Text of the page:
[23] R.L. Mills, Y. Lu, M. Nansteel, J. He, A. Voigt, B. Dhandapani, ENERGETIC CATALYST-HYDROGEN PLASMA REACTION AS A POTENTIAL NEW ENERGY SOURCE, Am. Chem. Soc. 49 (2004) 392.


    [24] J. Phillips, X. Chen, R. Mills, Water bath calorimetry study of excess heat production in resonant transfer plasmas, J. Appl. Phys. 96 (2004) 3095.


    [25] R. Mills, P. Ray, R.M. Mayo, M. Nansteel, B. Dhandapani, J. Phillips, Spectroscopic Study of Unique Line Broadening and Inversion in Low Pressure Microwave Plasma Generated Water Plasmas, J. Plasma Phys. (2005) 877.


    [26] R.L. Mills, The fallacy of Feynman’s and related arguments on the stability of the hydrogen atom according to quantum mechanics, Annales de la Fondation Louis de Broglie 30 (2005) 129.


    [27] R. Mills, The grand unified theory of classical quantum mechanics, Cadmus Professional Communications, Ephrata, PA, 2006.


    [28] R. Mills, H. Zea, J. He, B. Dhandapani, Water bath calorimetry on a catalytic reaction of atomic hydrogen, Hydrogen Energy 32 (2007) 4258.


    [29] J. Phillips, C.-K. Chen, K. Ahktar, B. Dhandapani, R. Mills, Evidence of the Production of Hot Atomic Hydrogen in RF Generated Hydrogen/Argon, Int. J. Hydrogen Energy 32 (2007) 3010-25.


    [30] R. Mills, B. Dhandapani, K. Akhtar, Excessive Balmer a line broadening in capacitively coupled rf water-vapor plasmas, Int. J. Hydrogen Energy 33 (2008) 802-15.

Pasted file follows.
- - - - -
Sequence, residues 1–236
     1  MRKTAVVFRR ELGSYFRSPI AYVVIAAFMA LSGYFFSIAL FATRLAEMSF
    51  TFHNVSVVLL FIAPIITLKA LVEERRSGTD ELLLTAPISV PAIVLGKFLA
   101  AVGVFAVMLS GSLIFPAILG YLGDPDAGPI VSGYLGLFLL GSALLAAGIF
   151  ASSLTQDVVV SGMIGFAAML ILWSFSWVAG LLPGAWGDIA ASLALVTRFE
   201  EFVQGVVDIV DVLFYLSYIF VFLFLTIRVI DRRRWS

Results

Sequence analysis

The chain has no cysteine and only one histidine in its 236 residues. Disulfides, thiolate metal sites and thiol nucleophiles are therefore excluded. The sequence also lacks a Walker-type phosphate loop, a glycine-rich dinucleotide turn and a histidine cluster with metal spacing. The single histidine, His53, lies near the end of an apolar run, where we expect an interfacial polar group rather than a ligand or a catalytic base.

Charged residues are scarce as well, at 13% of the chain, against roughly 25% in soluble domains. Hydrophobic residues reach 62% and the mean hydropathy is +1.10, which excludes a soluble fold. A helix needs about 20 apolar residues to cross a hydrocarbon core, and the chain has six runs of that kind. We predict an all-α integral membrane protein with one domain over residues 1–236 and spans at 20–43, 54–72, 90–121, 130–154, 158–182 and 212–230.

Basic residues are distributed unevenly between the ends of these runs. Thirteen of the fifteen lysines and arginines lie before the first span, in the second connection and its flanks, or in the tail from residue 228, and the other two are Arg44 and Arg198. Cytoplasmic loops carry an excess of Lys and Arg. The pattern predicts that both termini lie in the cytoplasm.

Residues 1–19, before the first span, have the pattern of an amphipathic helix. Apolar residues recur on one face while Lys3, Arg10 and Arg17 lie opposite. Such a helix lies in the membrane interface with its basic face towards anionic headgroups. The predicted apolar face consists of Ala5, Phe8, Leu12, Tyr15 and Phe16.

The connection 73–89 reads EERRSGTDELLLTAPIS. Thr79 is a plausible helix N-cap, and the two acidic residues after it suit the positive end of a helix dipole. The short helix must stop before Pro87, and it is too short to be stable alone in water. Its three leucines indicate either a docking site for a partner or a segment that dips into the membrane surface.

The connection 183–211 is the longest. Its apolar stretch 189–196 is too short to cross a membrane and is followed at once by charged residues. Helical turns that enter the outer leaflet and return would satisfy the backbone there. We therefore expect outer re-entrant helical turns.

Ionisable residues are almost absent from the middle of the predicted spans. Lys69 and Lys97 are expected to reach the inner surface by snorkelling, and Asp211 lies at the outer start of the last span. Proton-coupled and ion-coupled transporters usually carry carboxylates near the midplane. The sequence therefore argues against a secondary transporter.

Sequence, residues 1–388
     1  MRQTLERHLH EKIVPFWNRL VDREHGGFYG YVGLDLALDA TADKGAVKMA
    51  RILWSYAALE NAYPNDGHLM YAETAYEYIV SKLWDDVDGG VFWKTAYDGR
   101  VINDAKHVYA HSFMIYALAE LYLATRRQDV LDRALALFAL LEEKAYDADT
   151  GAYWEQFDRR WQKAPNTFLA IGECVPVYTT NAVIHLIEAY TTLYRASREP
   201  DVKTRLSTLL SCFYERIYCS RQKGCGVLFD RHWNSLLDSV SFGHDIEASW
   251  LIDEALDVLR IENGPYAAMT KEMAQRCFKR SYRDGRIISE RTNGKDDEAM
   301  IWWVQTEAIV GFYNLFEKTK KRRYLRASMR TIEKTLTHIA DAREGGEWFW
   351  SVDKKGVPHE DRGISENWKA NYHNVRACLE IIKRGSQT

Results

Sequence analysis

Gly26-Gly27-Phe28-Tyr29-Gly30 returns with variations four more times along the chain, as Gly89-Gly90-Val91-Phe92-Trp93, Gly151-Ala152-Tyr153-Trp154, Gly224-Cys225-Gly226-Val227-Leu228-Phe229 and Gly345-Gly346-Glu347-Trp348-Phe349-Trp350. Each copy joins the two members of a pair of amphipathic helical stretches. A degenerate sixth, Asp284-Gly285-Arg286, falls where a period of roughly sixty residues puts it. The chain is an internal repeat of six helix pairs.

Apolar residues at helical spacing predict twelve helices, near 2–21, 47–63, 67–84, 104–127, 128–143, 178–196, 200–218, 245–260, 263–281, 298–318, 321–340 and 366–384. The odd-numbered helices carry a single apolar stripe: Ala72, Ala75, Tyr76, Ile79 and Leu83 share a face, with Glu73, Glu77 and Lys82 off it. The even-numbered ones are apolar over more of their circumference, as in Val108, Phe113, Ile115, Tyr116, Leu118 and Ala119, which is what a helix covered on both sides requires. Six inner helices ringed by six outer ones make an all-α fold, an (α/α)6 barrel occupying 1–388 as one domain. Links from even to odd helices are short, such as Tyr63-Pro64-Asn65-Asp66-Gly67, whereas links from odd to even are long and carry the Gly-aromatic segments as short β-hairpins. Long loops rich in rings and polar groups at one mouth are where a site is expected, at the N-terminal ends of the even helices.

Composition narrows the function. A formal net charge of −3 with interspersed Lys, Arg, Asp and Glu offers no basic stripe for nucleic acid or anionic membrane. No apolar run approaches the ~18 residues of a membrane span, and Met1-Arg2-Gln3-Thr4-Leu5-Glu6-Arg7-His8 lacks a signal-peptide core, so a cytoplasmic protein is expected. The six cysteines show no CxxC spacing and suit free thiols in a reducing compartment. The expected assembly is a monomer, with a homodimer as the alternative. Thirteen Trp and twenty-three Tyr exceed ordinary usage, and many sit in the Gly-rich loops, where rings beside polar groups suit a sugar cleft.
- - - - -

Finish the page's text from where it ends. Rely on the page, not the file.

[31] R. Mills, X.G. Zhao, K. Akhtar, C. Z., J. He, Y. Lu, M.L. Good, G. Chu, Commerical power source from forming new states of hydrogen, (2008).


    [32] J. Phillips, C.-K. Chen, R. Mills, Evidence of Energetic Reactions Between Hydrogen and Oxygen Species in RF Generated H2O Plasmas, J. New Hydrogen Energy 33 (2008) 2419-32.


    [33] R. Mills, K. Akhtar, Fast H in Hydrogen Mixed Gas Microwave Plasmas When an Atomic Hydrogen


    Supporting Surface was Present, www.blacklightpower.com (2009).


    [34] R. Mills, BlackLight Power Multi-Cell Thermally Coupled Reactor, 2010.


    [35] R. Mills, Heterogeneous hudrogen-catalyst reactor, USA, 2011.


    [36] R. Mills, Thermally reversible hydrino catalyst systems as a new power source, 2011.


    [37] R. Mills, Y. Lu, Editorial about "Time-resolved hydrino continuum transitions with cutoffs at 22.8 nm and 10.1 nm", Eur. Phys. J. D64 (2011) 63.


    [38] H. Mills, Rossi's Knot Untangled: Practical Mechanisms For The Induction of Cold Fusion in Metal Hydrides 2016.